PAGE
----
2019 Bennett Lecture discusses how mindfulness can help people with addiction

Stephanie Lanza, director of the Edna Bennett Prevention Research Center and interim director of the Consortium to Combat Substance Abuse, presented a plaque to Katie Witkiewitz, professor of psychology at the University of New Mexico, in appreciation of her presentation at the 2019 Bennett Lecture in Prevention Science, on Oct. 15
Stephanie Lanza, director of the Edna Bennett Prevention Research Center and interim director of the Consortium to Combat Substance Abuse, presented a plaque to Katie Witkiewitz, professor of psychology at the University of New Mexico, in appreciation of her presentation at the 2019 Bennett Lecture in Prevention Science, on Oct. 15

UNIVERSITY PARK, Pa. — In today’s busy world, it’s important to step back and feel connected to yourself in the present moment — a practice called mindfulness.

Mindfulness was the topic at hand for this year’s Bennett Lecture in Prevention Science, held on Oct. 15 in 110 Henderson Building. The Bennett Lecture is an annual fall event hosted by the Edna Bennett Pierce Prevention Research Center. This year’s speaker, Katie Witkiewitz, professor of psychology at the University of New Mexico, gave a presentation to students, faculty, staff and community members titled “Mindfulness-Based Interventions for Addiction: Making a Better Band-Aid.”

Practicing mindfulness, according to Witkiewitz, involves observing ourselves and letting our minds wander in a non-judgmental space. She said the core of mindfulness for addiction is that whatever triggers people to use substances is not going to go away, so to instead hold onto that trigger in our awareness and in the present moment in a non-judgmental space.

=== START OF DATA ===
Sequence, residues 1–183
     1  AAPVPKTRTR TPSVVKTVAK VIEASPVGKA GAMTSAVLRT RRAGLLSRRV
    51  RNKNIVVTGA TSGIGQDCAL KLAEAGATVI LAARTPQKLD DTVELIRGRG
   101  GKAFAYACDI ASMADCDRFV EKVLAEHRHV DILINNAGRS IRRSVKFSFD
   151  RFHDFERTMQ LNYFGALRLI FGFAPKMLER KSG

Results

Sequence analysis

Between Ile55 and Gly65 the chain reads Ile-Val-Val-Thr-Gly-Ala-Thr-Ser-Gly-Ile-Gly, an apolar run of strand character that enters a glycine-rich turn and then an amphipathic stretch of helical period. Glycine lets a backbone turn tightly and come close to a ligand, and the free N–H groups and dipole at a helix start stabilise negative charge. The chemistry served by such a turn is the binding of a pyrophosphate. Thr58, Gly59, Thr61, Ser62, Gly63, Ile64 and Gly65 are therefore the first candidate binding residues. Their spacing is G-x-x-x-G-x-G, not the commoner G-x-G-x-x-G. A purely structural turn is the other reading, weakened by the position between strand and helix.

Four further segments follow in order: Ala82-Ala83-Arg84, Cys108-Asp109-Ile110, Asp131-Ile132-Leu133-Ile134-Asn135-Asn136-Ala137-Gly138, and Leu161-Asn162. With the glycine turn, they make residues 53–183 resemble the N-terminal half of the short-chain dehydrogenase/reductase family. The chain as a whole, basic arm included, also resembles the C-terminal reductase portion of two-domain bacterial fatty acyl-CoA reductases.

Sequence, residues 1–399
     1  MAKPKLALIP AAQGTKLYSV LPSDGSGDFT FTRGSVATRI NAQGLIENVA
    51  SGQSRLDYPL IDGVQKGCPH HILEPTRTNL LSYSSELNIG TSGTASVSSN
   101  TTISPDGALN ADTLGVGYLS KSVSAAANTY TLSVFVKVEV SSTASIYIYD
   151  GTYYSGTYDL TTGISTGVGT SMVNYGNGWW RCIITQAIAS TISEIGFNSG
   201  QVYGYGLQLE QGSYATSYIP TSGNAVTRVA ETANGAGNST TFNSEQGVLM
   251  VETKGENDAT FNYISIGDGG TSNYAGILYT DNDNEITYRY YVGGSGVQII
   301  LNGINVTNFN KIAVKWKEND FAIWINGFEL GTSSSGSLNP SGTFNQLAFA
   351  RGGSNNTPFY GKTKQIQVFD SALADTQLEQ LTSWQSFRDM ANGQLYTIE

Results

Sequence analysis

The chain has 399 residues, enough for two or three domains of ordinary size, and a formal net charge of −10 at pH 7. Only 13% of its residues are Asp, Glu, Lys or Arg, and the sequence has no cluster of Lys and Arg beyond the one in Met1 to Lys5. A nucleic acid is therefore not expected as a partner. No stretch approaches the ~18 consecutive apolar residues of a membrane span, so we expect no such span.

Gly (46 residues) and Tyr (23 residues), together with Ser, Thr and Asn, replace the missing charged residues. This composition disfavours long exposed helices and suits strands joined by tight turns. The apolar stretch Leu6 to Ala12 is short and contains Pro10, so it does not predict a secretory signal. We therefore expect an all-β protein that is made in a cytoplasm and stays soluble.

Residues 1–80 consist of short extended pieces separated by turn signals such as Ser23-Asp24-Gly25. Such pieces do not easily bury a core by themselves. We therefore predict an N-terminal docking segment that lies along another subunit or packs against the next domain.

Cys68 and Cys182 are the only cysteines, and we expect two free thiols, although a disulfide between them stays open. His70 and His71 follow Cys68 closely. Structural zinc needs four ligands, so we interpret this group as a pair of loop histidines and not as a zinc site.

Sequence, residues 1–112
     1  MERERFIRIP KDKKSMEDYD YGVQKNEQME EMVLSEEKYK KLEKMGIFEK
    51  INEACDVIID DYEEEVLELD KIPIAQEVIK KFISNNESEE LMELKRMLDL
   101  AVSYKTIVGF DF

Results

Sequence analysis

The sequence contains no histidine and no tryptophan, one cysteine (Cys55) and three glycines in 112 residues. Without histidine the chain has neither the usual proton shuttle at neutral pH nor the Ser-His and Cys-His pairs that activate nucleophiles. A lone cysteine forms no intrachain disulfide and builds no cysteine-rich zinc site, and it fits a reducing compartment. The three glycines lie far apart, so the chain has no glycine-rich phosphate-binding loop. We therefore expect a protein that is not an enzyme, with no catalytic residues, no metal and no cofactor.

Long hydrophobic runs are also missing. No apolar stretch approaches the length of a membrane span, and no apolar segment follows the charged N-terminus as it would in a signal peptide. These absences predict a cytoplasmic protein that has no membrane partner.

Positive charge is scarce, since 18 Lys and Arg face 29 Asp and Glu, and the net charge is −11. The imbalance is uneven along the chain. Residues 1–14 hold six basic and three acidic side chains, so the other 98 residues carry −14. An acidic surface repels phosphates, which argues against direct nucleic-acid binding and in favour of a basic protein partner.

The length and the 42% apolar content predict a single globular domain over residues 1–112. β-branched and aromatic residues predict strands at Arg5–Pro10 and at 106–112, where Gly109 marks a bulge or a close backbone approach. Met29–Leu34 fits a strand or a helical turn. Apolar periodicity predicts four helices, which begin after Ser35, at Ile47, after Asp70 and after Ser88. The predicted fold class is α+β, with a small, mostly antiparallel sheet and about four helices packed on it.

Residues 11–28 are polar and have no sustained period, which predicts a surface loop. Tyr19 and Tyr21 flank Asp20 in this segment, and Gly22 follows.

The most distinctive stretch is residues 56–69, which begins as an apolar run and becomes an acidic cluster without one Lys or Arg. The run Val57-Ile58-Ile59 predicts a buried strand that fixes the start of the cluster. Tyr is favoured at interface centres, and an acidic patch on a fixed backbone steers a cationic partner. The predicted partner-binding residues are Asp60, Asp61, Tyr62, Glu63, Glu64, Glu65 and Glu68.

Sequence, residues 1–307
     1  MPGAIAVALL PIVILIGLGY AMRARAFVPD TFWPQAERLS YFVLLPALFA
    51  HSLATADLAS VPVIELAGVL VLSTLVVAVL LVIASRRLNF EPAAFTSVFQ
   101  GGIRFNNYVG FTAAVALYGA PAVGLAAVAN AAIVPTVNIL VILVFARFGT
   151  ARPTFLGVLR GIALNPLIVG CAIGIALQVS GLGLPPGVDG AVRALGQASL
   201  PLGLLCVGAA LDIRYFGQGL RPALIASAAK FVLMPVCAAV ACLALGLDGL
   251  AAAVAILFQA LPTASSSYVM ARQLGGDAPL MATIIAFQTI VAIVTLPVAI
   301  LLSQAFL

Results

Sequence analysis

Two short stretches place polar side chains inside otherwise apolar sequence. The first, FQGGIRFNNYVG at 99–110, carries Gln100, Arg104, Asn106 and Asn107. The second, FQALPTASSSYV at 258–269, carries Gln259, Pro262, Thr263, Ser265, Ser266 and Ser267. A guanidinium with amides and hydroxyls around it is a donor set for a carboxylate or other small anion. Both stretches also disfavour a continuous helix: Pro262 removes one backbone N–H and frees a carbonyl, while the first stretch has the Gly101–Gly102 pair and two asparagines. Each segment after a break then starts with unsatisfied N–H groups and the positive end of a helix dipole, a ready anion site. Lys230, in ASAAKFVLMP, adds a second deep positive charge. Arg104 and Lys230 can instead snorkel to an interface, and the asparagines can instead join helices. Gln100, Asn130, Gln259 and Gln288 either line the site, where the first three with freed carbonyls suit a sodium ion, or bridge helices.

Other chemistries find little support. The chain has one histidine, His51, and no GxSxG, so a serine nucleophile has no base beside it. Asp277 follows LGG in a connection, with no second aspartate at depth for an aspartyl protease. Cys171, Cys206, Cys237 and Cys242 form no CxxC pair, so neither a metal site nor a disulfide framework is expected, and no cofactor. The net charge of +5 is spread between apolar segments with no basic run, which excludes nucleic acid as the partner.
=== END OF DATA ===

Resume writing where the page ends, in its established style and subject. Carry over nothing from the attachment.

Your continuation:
“I think a lot of recovery work focuses on treatment that attempts to provide skills for increasing coping or directly targeting relapse. But it does not teach people coping skills or self-awareness to handle life situations that cause them to relapse in the first place. This is where mindfulness can come in and help give people the strength to deal with life,” she said.

Building upon years of research beginning in the 1970s, Witkiewitz and her colleagues coined the term “mindfulness-based relapse prevention” (MBRP) instead to reach a wider audience. She helped develop MBRP sessions for clinicians to use with their patients. She noted that compared to gold-standard relapse prevention treatment, MBRP does help prevent relapse of alcohol or drug use.

Witkiewitz conducted a second talk, “Alcohol Harm Reduction is Health Promotion: A 15-year Journey Examining Patterns and Predictors of Alcohol Treatment Outcomes,” at the Pasquerilla Spiritual Center on Oct. 16, as part of the Child Study Center speaker series. She discussed how abstinence from alcohol is often viewed as the most desirable and ideal outcome for individuals with alcohol use disorder; however, most individuals with alcohol use disorder do not want to abstain from drinking and do not seek treatment. She explained that reductions in drinking are a viable alternative to abstinence as a harm reduction strategy and are a significant public health priority.

This year's Bennett Lecture presenter, Katie Witkiewitz, professor of psychology at the University of New Mexico Center on Alcoholism, Substance Abuse, and Addictions, discusses her research on the benefits of meditation in addressing substance misuse, and relapse in particular.

This story originally appeared in Penn State News.